Lumby high school students 'shocked' after finding forestry equipment vandalized - InfoNews

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Lumby high school students 'shocked' after finding forestry equipment vandalized

Charles Bloom Secondary students found extensive damage at their woodlot the morning of Tuesday, Dec. 8, 2015.
Image Credit: Cody Dolman
December 10, 2015 - 1:00 PM

LUMBY - There are many perks to an outdoor classroom, but there are some downsides too, as a group of Lumby high school students have learned.

A group of Charles Bloom Secondary students enrolled in the school’s unique forestry program headed up to their woodlot Dec. 8 to find their equipment vandalized and their picnic area burned and strewn with beer bottles.

“We were all just really shocked,” grade 12 student Michelle Britch says.

The hydraulic oil filter on a piece of heavy equipment was punctured full of holes, causing oil to spill out. The air release hose was also cut and the machine’s seat damaged. The area where the class conducts safety meetings was also hit by the vandals, who burnt a chair and picnic table, leaving quite a mess.

“I would like to understand why,” Britch says. “This is children’s education, this is how we’re teaching our students the outdoor trades that we aren’t able to teach in school. If they (vandals) could respect what we’re trying to do and understand this is school property, and that this is our way of learning, that would be very helpful.”

It’s not the first time the forestry program has had trouble with vandalism, but it is the worst so far. Forestry teacher Martin Tooms says it’s the second incident in the last month, and like his students, he’s getting tired of it.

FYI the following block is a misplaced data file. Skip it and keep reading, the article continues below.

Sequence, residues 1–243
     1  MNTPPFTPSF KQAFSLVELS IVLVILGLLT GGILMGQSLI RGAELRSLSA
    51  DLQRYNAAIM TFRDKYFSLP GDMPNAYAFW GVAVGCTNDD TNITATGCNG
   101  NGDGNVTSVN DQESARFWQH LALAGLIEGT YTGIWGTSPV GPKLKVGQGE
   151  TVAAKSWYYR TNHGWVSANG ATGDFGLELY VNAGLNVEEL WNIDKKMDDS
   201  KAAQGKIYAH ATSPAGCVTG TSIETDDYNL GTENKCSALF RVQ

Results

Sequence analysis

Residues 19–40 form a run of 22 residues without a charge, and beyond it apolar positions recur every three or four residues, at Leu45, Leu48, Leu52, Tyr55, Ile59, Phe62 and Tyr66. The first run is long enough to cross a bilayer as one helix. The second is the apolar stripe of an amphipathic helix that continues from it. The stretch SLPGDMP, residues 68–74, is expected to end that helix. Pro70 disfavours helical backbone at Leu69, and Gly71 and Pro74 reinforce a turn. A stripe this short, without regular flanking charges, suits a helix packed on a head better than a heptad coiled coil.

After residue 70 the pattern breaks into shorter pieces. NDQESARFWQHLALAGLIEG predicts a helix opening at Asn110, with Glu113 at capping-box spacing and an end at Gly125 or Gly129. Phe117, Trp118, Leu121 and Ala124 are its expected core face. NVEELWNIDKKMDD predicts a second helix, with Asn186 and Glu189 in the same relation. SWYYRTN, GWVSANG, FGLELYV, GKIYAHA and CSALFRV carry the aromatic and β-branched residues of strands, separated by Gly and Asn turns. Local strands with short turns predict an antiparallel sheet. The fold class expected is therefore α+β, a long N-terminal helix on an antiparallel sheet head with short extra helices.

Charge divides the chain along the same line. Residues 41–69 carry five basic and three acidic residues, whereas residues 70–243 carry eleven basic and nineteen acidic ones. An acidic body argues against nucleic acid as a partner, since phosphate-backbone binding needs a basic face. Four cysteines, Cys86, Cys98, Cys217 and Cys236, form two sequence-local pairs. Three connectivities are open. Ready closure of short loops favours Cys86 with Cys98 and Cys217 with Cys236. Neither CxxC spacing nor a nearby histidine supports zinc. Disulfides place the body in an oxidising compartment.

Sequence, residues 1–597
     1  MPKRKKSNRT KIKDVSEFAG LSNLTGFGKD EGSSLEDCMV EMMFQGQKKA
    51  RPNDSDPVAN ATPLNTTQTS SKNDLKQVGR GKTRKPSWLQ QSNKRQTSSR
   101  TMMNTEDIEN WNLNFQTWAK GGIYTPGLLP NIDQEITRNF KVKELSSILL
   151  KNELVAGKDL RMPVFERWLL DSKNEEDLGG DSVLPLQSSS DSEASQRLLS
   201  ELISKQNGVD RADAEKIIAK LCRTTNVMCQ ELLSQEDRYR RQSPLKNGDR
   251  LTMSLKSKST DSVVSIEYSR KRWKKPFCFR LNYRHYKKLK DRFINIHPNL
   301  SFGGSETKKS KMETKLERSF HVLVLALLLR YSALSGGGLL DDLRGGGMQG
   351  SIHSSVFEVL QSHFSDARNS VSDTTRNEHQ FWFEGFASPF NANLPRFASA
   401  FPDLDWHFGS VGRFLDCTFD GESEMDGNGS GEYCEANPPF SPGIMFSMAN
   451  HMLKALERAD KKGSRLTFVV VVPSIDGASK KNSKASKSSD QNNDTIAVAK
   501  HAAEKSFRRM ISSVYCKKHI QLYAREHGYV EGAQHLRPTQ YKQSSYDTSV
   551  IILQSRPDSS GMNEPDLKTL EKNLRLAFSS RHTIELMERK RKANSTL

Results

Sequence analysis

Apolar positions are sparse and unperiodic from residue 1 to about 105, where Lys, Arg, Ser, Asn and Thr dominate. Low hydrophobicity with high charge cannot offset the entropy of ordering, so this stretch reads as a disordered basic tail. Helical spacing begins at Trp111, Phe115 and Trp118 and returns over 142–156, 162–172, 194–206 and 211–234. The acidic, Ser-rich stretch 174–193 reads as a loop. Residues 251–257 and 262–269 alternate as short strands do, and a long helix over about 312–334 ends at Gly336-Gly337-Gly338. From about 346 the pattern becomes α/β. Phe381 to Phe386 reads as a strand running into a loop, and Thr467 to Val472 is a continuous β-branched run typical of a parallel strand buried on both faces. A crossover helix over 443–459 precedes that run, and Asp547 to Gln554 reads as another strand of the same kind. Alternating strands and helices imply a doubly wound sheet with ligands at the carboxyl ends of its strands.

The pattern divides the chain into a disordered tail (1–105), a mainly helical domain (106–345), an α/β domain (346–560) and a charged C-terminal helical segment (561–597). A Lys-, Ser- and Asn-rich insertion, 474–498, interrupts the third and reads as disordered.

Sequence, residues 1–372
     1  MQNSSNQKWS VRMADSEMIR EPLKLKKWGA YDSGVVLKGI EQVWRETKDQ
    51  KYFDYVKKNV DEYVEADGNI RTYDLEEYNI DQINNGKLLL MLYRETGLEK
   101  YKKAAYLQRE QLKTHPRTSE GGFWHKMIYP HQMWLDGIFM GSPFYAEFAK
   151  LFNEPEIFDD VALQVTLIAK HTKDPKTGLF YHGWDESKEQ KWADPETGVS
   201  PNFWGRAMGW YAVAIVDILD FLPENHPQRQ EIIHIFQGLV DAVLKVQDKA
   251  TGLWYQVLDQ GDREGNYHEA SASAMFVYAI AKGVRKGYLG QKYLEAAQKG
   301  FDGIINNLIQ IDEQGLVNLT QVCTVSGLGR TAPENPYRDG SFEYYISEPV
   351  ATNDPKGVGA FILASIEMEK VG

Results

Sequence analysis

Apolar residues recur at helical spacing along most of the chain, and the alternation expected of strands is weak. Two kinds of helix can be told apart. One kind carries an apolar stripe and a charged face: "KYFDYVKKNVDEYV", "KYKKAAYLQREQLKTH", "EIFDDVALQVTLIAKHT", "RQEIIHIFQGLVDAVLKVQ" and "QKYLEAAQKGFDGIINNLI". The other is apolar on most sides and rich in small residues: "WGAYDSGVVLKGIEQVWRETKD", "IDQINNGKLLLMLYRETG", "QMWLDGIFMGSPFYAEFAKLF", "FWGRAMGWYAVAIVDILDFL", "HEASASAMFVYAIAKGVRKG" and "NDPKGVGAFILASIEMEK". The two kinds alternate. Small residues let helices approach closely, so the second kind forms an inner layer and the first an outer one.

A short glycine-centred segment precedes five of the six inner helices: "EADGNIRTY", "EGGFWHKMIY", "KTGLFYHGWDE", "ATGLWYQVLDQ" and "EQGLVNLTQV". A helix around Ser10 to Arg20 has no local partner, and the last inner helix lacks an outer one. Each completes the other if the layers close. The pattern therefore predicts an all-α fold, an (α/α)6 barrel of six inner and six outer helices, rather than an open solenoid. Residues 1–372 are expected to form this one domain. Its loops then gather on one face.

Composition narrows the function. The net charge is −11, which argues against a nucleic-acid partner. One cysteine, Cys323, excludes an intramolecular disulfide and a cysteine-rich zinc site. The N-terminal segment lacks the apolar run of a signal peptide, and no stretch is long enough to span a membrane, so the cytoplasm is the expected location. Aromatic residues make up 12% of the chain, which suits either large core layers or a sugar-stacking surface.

“It costs us in down time and money,” Tooms says. “The other day cost us $160 in parts, then there’s the time going to town and the cleanup.”

The aftermath takes away from precious hands on teaching time, and drains what funds the program generates through firewood sales.

Britch adds that one of the best parts of the program is getting to use real equipment, but she’s worried that ongoing vandalism could impact the hands on component of the course.

“If things get damaged to a heavy extent, we don’t necessarily know if our future classes will be able to use the equipment, because it will either be not safe or will take time to repair,” Britch says.

Anyone with information about the vandalism is asked to contact the school at 250-547-2191.

Image Credit: Cody Dolman

To contact the reporter for this story, email Charlotte Helston at or call 250-309-5230. To contact the editor, email or call 250-718-2724.

News from © iNFOnews, 2015

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